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I know the MVC design pattern but would be a little unclear about other Java design patterns, so I was just wondering if there's any useful books or other resources you could recommend to get up to speed with these patterns?

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10 Answers 10

up vote 15 down vote accepted

The definitive guide and a must-have tome is Design Patterns by Gamma, et al (a.k.a. the Gang of Four, or simply, GoF). For Java-specific I'd recommend Sun's Applied Java Patterns by Stelting and Maassen.

Thanks for the correction, Luke!

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Head First Design Patterns

Paperback: 676 pages
Publisher: O'Reilly Media, Inc.; 1 edition (October 25, 2004)
Language: English
ISBN-10: 0596007124
ISBN-13: 978-0596007126

The examples are in Java, but I find it to be the best beginner text on the subject regardless of the language.

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I am reading it right now, and the way the book is written really seems to be effective in getting the patterns to 'click' for me. –  Alex Baranosky Jan 28 '09 at 21:20
It's the best book on design patterns I have encountered so far. Great examples and really simple to understand. –  flash Sep 21 '10 at 8:26
I'm considering getting this book. However, do you think a book about design patterns published in 2004 is going to be out of date? I want to make sure that its still applicable information before I buy it. –  Charlotte Jan 6 '11 at 19:27
Charlotte, The patterns themselves will never go out of date, but the implementations may become suboptimal as Java evolves. The main focus of the book is to teach the patterns and when to use them. Showing an implementation in code is a secondary concern. That being the case, I still think this is one of the best on the topic. Btw, I'm a C# programmer, and I still look at this book a few times a month. –  Daniel Auger Jan 10 '11 at 17:57

I did things in reverse order. Firstly, I read most of the GOF book. While it is undoubtedly the definitive text in the area, I found it to be a little hard to read in places, and certainly not the most exciting text you will ever read!!

I have recently started reading Head First Design Patterns and it is excellent. Certainly much easier to read, and it is very engaging. Much better for learning.

So, get Head First Design Patterns, read that. It should give you a good understanding of the various patterns etc. Then, if you want to, get the GOF book for a reference (there is a strong overlap of patterns).

Oh, and as an aside, Heads First is all Java based, while the GOF book is (I think) more in C++ and Smalltalk (but the patterns are language agnostic, so that doesn't really matter).

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Quite frankly in my opinion one book or resource is never sufficient for learning design patterns. Some of the things I found helpful are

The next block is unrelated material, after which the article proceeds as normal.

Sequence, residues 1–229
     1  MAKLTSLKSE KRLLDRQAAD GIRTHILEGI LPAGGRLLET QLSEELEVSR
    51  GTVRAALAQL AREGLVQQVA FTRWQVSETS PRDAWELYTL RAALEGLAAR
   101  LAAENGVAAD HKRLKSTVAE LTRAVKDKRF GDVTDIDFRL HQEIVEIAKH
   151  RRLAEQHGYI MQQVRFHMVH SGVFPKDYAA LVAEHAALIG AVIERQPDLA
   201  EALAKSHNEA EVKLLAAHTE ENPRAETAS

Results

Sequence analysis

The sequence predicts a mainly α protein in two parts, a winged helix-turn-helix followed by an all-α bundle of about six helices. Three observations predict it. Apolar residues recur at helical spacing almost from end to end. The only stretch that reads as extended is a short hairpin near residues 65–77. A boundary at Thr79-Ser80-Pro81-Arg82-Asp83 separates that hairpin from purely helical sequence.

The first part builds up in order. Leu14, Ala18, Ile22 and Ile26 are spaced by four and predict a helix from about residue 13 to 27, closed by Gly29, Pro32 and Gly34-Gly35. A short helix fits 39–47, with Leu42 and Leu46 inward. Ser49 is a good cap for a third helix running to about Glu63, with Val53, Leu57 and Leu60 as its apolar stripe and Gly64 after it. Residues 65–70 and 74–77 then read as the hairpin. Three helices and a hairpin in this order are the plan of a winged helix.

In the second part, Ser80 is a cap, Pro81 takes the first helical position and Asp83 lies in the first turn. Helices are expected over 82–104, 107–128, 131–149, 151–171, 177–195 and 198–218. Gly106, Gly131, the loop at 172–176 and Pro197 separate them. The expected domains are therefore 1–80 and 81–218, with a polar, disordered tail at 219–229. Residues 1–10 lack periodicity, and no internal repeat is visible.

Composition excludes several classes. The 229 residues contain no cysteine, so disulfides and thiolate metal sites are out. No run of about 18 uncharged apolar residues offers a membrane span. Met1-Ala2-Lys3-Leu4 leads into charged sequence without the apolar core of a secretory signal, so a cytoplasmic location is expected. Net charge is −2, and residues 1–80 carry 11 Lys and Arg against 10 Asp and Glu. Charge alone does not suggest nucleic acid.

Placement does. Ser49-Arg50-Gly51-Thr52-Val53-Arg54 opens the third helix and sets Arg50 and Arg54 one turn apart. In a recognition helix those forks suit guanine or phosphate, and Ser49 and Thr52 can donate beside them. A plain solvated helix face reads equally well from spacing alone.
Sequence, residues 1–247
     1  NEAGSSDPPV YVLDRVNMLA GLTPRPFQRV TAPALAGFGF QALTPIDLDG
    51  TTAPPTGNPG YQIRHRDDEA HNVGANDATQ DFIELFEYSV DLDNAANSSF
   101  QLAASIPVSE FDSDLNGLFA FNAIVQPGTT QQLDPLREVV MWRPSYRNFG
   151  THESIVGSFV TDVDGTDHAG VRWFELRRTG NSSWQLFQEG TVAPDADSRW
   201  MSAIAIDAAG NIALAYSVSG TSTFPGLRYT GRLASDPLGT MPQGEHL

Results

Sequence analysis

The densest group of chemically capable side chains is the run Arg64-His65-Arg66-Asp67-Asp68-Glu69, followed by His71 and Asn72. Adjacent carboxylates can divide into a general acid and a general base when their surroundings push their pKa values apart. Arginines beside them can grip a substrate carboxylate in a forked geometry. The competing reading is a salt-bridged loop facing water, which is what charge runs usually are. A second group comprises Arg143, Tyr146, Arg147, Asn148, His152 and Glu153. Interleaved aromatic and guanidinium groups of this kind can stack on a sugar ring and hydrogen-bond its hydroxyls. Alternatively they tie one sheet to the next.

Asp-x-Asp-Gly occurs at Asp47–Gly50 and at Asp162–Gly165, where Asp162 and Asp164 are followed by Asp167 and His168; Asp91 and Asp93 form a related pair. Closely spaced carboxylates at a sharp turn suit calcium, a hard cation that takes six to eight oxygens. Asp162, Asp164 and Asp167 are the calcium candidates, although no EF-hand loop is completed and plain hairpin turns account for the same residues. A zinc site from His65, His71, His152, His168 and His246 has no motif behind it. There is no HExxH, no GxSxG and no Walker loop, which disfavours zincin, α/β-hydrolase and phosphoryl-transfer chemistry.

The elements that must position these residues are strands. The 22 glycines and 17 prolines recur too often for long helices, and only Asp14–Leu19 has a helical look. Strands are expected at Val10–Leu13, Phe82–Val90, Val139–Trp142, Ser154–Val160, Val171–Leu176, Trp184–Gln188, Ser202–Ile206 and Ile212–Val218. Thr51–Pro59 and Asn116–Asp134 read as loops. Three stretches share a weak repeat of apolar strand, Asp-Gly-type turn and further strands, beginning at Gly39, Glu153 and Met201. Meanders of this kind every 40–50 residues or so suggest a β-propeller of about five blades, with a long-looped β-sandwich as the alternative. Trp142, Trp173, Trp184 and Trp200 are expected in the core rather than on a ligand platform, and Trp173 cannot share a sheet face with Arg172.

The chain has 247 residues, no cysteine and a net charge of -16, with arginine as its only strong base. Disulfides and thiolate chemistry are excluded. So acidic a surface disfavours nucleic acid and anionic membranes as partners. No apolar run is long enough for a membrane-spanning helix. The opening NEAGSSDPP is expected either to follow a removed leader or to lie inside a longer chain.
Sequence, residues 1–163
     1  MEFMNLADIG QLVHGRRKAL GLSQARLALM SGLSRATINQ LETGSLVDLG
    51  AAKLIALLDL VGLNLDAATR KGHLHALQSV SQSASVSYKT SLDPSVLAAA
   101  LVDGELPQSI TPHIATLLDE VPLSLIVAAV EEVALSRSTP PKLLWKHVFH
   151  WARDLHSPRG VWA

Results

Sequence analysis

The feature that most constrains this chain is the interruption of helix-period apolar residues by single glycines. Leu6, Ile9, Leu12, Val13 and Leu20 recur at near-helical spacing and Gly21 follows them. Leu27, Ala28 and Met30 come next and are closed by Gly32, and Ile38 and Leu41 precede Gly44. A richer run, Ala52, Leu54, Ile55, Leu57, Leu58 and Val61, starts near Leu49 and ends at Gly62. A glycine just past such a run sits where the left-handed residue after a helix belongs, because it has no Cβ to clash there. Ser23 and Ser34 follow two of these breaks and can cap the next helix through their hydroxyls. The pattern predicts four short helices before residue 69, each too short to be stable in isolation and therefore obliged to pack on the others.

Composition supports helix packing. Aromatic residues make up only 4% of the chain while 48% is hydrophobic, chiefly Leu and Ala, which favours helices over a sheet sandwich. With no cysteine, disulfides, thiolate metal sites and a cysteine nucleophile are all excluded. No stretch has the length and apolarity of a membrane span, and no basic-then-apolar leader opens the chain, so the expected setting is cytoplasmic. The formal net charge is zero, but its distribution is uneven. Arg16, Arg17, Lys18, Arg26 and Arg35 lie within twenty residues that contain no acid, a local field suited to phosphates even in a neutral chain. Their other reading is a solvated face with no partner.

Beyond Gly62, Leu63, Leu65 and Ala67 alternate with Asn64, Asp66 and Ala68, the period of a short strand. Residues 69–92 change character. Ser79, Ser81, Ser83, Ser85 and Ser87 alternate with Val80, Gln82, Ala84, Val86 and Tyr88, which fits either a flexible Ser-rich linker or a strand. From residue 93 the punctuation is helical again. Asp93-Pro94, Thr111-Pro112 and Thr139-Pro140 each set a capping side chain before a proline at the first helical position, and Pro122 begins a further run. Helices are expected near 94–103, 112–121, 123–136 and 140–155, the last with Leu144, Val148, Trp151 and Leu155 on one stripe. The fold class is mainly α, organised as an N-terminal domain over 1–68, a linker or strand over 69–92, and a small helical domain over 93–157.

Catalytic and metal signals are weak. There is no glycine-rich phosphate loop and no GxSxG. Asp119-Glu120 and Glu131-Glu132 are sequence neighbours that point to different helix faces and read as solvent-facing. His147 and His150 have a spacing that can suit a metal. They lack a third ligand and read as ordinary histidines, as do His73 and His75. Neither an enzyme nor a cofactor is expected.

• Read some books from above mentioned books or this list - 5 Best Design Pattern books . Head First is my fav one.
  • Browse through some existing well written applications code in Java. There are many open source libraries and frameworks. e.g. Java Swing itself has many of design patterns used.
  • Discuss the pattern application with fellow developers/forums. No pattern is good if applied at wrong place. A discussion can bring pros & cons of any design pattern in specific context.
  • A must read thread on SO about design patterns example inside Java language itself : Examples of GoF Design Patterns

Hope this helps.

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Design Patterns Explained: A New Perspective on Object-Oriented Design, by Alan Shalloway and James R. Trott is a very good introduction. Code examples are written in Java.

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Another book I enjoyed was Refactoring to Patterns

This contains good examples of where a design pattern can make your code easier to understand, and describes the mechanics for gradual 'behaviour-preserving' modifications to move your code towards a design pattern.

I wouldn't read this until after Head-First / GoF, and also after Refactoring

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Honestly, I think Martin Fowler's Patterns of Enterprise Application Architecture book is the best modern patterns book I have seen. It covers a lot of material, and yet still functions like a catalog when you need it to.

There is a fairly new book by Scott Baine called Emergent Design which covers design patterns, test-driven development and refactoring in a really fun and interesting way. I am still half-way through, but I find it very accessible. I have the GoF book too, but use it primarily for quick reference.

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Well design patterns are language agnostic. You can use them in any language. I primarily program in .NET, C, C++, and Ruby, but I use these books. They are very good.

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Design Patterns: Elements of Reusable Object-Oriented Software by the Gang of four is a very good start if you want to learn about design patterns.

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If you fall asleep while reading the Design Patterns book I would suggest trying: Agile Software Development, Principles, Patterns, and Practices by Robert C. Martin. I thought it was really good, and easy to grasp. Examples are java. He also warns against mechanically doing what the 'books' say which I found surprisingly positive.

Maybe also take a look at this superb list: Top 100 Best Software Engineering Books Ever

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